<p>These beds look great. Nice job. Just a couple of tips:</p><p>1) Because the soil in a raised bed like this will dry out faster than when planting in ambient dirt, it's best to use a good organic potting soil. The high Vermiculite/Perlite/Peat Moss content keeps the soil moist for a much longer time especially in hot weather.</p><p>2) Don 't use Linseed oil as a sealant. It has Cobalt and Manganese in it (as drying agents). These are toxic heavy metals and a no-no for organic food gardening. I have used natural Tung oil which you can find here. <a href="http://www.realmilkpaint.com/" rel="nofollow">http://www.realmilkpaint.com/</a></p><p>Happy planting from MinifarmBox</p>
Thank you for the compliments and suggestions.<br><br>I have made quite a few changes over the seasons since I built these. First, these dried out incredibly fast, I would not consider building these again without adding in piping for irrigation and I think it would still be wasteful (from a water perspective). These units are only good (IMO) for someone with a disability that limits them from bending over but still wants to garden or maybe cactus :).<br><br>After this I tried lowering the beds to the ground level and that improved things quite a bit but last year I toyed with Hydroponics on a small scale and will be setting up a larger system next year as I was very happy with the results... More to come when that project kicks off... Happy New Year!
I was so very Happy to find all of the imformation that i needed to build my raised beds.But what about the underlinning.What is best to keep it from drying out so fast. I feel if I use plastic it won't drain right.and what about the weight of it all on the screen.Is there any problems with it not wanting to hold? This was our concern..But Thanks for all of the other imformation.I do plan to use some old scap lumber.No it isn't treated.Is there anything that I can treat it with that isn't harmful to our health? I do hope this helps out my back.Still have two gardens but trying to do something a little different to.Thanks again my friends. Happy Gardening..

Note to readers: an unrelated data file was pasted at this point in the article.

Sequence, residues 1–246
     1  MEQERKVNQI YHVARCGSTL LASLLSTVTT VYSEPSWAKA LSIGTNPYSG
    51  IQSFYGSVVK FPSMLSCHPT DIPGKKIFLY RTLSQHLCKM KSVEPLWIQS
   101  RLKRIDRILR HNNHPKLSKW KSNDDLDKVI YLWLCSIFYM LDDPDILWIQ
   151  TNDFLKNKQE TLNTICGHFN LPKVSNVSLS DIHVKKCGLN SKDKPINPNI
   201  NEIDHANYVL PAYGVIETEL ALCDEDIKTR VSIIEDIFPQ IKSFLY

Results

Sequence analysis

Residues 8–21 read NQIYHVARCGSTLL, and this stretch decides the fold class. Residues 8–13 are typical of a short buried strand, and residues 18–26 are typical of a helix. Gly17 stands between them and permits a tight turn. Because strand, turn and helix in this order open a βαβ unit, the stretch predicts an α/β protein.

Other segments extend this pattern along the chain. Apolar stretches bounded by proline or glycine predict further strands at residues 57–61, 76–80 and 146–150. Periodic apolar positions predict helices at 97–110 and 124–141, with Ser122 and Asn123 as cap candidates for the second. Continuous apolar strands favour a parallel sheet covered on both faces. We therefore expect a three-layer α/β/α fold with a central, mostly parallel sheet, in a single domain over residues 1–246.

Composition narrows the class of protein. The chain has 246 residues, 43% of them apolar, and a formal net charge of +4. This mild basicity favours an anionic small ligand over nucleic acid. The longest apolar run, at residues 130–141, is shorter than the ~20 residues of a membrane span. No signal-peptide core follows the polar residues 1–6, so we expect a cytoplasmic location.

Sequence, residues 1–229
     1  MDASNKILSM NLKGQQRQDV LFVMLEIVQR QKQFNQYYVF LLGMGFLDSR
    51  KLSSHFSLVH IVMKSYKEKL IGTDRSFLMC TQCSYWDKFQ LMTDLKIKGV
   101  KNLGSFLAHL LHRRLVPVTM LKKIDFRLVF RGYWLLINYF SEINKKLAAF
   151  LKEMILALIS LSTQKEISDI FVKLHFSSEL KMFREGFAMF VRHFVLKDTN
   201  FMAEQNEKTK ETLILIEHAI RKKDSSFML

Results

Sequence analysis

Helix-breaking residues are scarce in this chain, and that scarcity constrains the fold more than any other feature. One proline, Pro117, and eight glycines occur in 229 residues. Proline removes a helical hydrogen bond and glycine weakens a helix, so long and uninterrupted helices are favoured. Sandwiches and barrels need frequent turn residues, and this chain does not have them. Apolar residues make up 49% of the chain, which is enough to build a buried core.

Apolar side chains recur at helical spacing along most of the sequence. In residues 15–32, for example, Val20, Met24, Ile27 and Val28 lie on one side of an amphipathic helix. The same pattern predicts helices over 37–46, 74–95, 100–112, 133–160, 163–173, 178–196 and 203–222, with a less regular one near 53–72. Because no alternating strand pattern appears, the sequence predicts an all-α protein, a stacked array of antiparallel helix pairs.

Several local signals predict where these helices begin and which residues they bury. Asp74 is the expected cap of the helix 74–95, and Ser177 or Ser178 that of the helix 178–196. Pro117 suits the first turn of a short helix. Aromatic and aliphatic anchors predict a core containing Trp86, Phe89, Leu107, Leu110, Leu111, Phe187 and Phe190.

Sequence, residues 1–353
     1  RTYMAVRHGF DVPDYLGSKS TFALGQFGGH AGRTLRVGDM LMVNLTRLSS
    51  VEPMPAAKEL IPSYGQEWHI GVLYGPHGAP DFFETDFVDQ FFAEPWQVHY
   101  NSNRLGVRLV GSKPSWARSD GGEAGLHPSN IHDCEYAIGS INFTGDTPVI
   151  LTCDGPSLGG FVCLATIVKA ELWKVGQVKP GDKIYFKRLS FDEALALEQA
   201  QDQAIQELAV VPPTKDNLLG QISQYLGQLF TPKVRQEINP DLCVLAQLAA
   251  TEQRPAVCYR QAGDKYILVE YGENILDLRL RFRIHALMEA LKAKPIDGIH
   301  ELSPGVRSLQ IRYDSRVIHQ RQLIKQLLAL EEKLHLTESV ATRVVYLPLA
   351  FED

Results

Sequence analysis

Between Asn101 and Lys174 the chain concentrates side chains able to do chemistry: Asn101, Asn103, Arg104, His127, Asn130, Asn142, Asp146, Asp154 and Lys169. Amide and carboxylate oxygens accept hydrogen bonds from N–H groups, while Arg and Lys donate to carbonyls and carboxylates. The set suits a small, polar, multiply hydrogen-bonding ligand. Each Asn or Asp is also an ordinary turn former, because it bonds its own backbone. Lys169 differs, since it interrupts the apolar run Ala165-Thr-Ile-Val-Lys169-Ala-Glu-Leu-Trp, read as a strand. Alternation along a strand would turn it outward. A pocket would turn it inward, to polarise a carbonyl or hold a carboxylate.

<p>linseed oil </p>
<p>if the box is being used for vegetables I would not recommend pressure treated wood</p>
I thought untreated wood was better so that chemicals don't leach out of the wood into the food?
<p>Pressure treated wood is a no go for us. We use cedar as it is more water resistant, rot resistant and healthier.</p>
<p>Somebody have any step by step picture instructions to build these? How will the bottom hold up all the weight?</p>
<p>thank you for this! I'm visually impaired and need raised beds, but I'd only seen the start-from-the-ground ones, which would be too low - and building them to the height that I need would mean having to fill the lower part which the plants wouldn't reach. </p><p> I can make the boxes deeper, or make the legs longer, or both! and add a &quot;reservoir&quot; at the base to help with watering. thanks again</p>
<p>My friend wanted these. we made the a little smaller and a little taller, but the was the inspiration. Thanks!</p>
I love this,and want to make.I like the idea of rabbits and other creatures not being able to eat my plants,although? probably not deer proof..aw-well! <br>Thanks! for sharing!
I built something like this using salvaged wood, some of it was painted and most of it was whitewood- It was all free so I don't care how long it lasts- but I did line the entire thing with burlap coffee bean bags. (Lining it with plastic seems just as harmful as the pressure treated lumber...) Also, I used the wood to build the bottom with 1/2&quot; gaps between. I feel like it dries out too fast, so I can't imagine how fast yours would be with the screen under it. <br>Did you have any trouble with your beds not having enough nutrients? Mine need constant fertilizing, despite the fact that I bought the organic soil that supposedly had enough fertilizer for three months. Would the constant draining of the soil strip it of nutrients faster?
I would like to put these on wheels so I can move them around to catch the sun. We don't have a spot that gets full sun. Any suggestions for how to do this well?
If you go to your local big box hardware store, I would think you could find some solid wheels for a wheelbarrow or something similar. These should be strong enough and you could purchase metal rods there as well for your axels. I would try drilling holes through the legs then sliding your axels through and mounting your wheels. You will need to be careful to make sure your axel holes are lined up so that it does not bind. This will give you sid to side motion relatively easily but will not let you turn the boxes left or right. That would take mounting heavy duty casters to the bottom of the legs - those I think you could order from someone like Northern tools. <br> <br>Please post a picture when you complete it. <br> <br>Good luck